993 F2d 886 United States v. Medina-Ortiz

993 F.2d 886

UNITED STATES of America, Plaintiff-Appellee,
Juan Antonio MEDINA-ORTIZ, Defendant-Appellant.

No. 92-50546.

United States Court of Appeals, Ninth Circuit.

Submitted May 7, 1993.*
Decided May 11, 1993.

NOTICE: Ninth Circuit Rule 36-3 provides that dispositions other than opinions or orders designated for publication are not precedential and should not be cited except when relevant under the doctrines of law of the case, res judicata, or collateral estoppel.

Before: KOZINSKI, SUHRHEINRICH** and T.G. NELSON, Circuit Judges.




After conditionally pleading guilty to importation and possession of marijuana, Medina-Ortiz appeals from the denial of his motion to suppress evidence. He argues the district court should have suppressed the marijuana because the officers lacked reasonable suspicion to stop the car which was carrying it. Medina-Ortiz also argues the court erred in imposing a fine as part of his sentence.


A. While we review the existence of reasonable suspicion de novo, e.g., United States v. Hernandez-Alvarado, 891 F.2d 1414, 1416 (9th Cir.1989), we review the factual findings underlying it only for clear error, e.g., Guam v. Ichiyasu, 838 F.2d 353, 355 (9th Cir.1988). The district court found that Medina-Ortiz's vehicle came from Mexico, that it triggered border sensors and that there were no other vehicles in the area. SER 101-02. Given these findings, under our precedents the officers had reasonable suspicion to stop Medina-Ortiz. The activation of a sensor by a lone vehicle in an area near an international border is itself sufficient to establish reasonable suspicion. United States v. Laird, 511 F.2d 1039, 1039 (9th Cir.1975); United States v. Mora-Chavez, 496 F.2d 1181, 1182 (9th Cir.1974).


Moreover, the agent here had independent reason to pull over Medina-Ortiz: He observed that Medina-Ortiz appeared nervous, drove as though he wasn't familiar with the area and didn't acknowledge the agent's presence. This helps refute Medina-Ortiz's contention that the government failed to produce competent evidence to establish reasonable suspicion: Although some of the information regarding the sensors was passed along to Agent Maxon from other agents who didn't testify at the suppression hearing, Agent Maxon had particularized and objective facts based on his own observations. See United States v. Sanchez-Vargas, 878 F.2d 1163, 1167 (9th Cir.1989) ("So long as the detaining officer relies on particularized ... facts which ... create a founded suspicion[,] ... it offends no Fourth Amendment principles that some of that information may have been received from other sources.").


Medina-Ortiz also points to a potential inconsistency in the version of events told by Agents Maxon and Sotelo. He argues that Agent Sotelo's failure to remember initially that he had received information about a secondary sensor alert proves he was lying to buttress the existence of reasonable cause. Certainly, Medina-Ortiz's theory is plausible; had the district court chosen to discredit Agent Sotelo's testimony on this basis it wouldn't have been error. Yet after hearing testimony and determining the witnesses' demeanor, the district court accepted the agent's explanation for the inconsistency. See SER 65-68. We can't say this finding was clearly erroneous. See, e.g., Anderson v. City of Bessemer City, 470 U.S. 564, 573-74 (1984) (credibility determinations by district court entitled to heightened deference).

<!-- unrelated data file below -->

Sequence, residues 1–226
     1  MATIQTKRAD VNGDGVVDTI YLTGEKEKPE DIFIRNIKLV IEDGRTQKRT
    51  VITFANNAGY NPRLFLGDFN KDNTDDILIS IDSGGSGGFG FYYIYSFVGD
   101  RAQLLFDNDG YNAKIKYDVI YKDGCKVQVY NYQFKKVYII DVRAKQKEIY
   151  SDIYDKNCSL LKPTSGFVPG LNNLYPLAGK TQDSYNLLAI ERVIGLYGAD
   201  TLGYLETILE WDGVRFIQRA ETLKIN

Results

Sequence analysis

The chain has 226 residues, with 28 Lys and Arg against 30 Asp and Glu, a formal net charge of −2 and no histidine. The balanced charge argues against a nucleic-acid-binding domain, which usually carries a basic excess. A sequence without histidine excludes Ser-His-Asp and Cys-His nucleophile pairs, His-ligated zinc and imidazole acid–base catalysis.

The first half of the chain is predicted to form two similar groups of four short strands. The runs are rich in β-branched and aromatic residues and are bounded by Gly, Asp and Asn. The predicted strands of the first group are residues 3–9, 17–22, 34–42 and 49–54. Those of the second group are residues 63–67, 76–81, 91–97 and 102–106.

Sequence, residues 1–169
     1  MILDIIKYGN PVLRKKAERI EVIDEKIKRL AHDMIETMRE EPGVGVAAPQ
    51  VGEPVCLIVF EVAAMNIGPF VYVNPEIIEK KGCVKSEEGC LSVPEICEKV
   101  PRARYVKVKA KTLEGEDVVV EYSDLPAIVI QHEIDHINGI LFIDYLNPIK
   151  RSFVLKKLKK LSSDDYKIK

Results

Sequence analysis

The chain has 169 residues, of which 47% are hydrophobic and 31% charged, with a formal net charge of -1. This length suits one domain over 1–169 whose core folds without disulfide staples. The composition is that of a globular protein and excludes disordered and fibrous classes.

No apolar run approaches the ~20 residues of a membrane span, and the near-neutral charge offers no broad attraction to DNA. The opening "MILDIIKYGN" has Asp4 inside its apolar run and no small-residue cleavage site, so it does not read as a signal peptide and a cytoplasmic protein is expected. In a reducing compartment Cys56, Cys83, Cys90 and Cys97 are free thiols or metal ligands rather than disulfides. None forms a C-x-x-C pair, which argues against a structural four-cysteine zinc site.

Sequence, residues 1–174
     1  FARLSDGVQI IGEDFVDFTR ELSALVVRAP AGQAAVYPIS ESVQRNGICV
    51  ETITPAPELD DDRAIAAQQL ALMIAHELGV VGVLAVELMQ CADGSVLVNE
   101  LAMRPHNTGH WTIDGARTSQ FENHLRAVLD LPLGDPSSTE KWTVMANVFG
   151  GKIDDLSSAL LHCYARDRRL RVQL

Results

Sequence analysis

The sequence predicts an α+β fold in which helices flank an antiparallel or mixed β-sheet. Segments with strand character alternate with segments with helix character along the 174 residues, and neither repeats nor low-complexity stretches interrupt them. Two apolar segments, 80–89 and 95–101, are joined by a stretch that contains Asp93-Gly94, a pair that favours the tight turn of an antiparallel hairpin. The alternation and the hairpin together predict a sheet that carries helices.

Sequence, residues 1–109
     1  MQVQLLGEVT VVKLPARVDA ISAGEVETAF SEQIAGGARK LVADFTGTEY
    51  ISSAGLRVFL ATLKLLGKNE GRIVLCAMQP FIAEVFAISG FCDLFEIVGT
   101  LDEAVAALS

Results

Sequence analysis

B. Medina-Ortiz argues the district court burdened his Fifth Amendment privilege against self-incrimination by imposing a fine on him of $10,000 for refusing to answer questions about his financial status. That's not quite right. Under U.S.S.G. § 5E1.2(a), "[t]he court shall impose a fine in all cases, except where the defendant establishes that he is unable to pay" (emphasis added). Although Medina-Ortiz bore the burden of proving his inability to pay, e.g., United States v. Quan-Guerra, 929 F.2d 1425, 1427 (9th Cir.1991), on the advice of counsel he refused to answer any questions about his finances, PSR 3. The court didn't impose this fine as a punishment for Medina-Ortiz's silence; it imposed the fine because Medina-Ortiz failed to carry the burden of proving his inability to pay. United States v. Rafferty, 911 F.2d 227, 232 (9th Cir.1990).




The panel unanimously finds this case suitable for decision without oral argument. Fed.R.App.P. 34(a); 9th Cir.R. 34-4


The Honorable Richard F. Suhrheinrich, United States Circuit Judge, United States Court of Appeals for the Sixth Circuit, sitting by designation


This disposition is not appropriate for publication and may not be cited to or by the courts of this circuit except as provided by 9th Cir.R. 36-3